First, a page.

Tips for Ensuring Good Family Foundation Transition Management

This collection of tips is adapted from NCFP’s Passages Issue Brief, Family Philanthropy Transitions: Possibilities, Problems and Potential.

  • Take time to focus on what the presence of family adds to the giving process. Too often we think of family in terms of the challenges of related personalities in close quarters. Understanding what you as a family add to the giving process raises the level of discussion and the bar that you set for your shared performance.
  • Establish a culture where family serves the philanthropy not vice versa.
  • Recognize that conflict is always present in a growing, changing organization. Conflict is neither inherently good nor bad but is often a sign of change. Good conflict management determines if the effects are productive or regrettable.
  • Appreciate that conflicts escalate with avoidance.
  • Ensure that the structures and strategies you employ serve the interests of the foundation as a whole and not any particular faction, interest, or program.
  • Recognize that it is critical to have a board chair able and willing to take on the hard and sometimes unpleasant work of leadership.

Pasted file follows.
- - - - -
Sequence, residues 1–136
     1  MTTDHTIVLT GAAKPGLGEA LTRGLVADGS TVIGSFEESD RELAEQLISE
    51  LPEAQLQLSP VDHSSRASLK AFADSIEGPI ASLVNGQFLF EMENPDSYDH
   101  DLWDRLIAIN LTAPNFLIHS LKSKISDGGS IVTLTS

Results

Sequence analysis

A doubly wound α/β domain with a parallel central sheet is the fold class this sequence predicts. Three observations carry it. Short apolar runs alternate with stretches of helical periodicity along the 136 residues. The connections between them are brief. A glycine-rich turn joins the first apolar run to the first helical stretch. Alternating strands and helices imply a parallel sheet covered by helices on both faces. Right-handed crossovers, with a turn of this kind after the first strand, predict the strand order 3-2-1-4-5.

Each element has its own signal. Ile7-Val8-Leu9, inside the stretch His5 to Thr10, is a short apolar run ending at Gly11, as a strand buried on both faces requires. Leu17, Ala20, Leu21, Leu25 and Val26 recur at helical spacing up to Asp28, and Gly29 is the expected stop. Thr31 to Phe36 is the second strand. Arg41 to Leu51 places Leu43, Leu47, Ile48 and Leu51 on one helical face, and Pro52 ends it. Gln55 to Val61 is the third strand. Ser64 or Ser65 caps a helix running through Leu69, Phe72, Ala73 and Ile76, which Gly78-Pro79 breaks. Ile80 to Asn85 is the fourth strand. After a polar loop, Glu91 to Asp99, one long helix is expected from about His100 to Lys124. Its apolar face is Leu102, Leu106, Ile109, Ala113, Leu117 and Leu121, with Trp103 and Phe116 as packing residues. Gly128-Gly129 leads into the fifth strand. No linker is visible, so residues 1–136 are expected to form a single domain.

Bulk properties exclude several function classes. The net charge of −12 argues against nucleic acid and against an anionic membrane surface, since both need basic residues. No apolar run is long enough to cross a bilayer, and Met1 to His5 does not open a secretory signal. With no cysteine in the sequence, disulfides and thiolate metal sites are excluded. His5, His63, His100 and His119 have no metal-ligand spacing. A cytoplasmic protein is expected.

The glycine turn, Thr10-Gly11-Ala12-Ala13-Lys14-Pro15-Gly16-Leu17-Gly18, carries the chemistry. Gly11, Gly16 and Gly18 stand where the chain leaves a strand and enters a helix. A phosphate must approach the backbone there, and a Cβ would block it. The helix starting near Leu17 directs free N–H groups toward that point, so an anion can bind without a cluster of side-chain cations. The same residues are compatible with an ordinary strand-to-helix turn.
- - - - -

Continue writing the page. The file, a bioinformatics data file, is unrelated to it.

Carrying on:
• Maintain a strong partnership between the board chair and the chief staff person. Ensure the CEO is not expected (either by intention or default) to navigate what are primarily family disagreements.
  • Remember that young people usually appreciate being valued for what they offer vs. birth right as well as being accountable vs. tolerated.
  • Consider options for board assessment and pick the one that works for you. It can give you advance indication of an impending transition and give you the opportunity to work through issues before they become problems.
  • Establish expectations and ground rules (policies, practices, etc.) before a situation becomes personal. Making policy based on one person rarely does the job.
  • Founders: Clearly articulate your reasons and hopes for involving your family. Similarly, share any hopes you have for the foundation going forward.
  • Successors: Be sure you have the time and commitment to serve the needs of the foundation before you volunteer or take on a formal role.
  • CEOs: Keep in mind that no transition can be managed unilaterally. You can provide much needed leadership in guiding but not driving your foundation through transition. Stay close to your board; it’s hard to have a positive and appropriate influence if you’re too far out in front or too far behind.
  • Finally, some observers posit that family foundations are prone to spend unnecessary dollars on administrative expenses. NCFP’s Generations of Giving study – and any study of comparative spending – reveals the opposite is true. Family foundations are more likely to be reluctant to spend money on organizational needs and development. They see such expenditure as taking money from the grants budget rather than what can ultimately be an important investment in good grantmaking.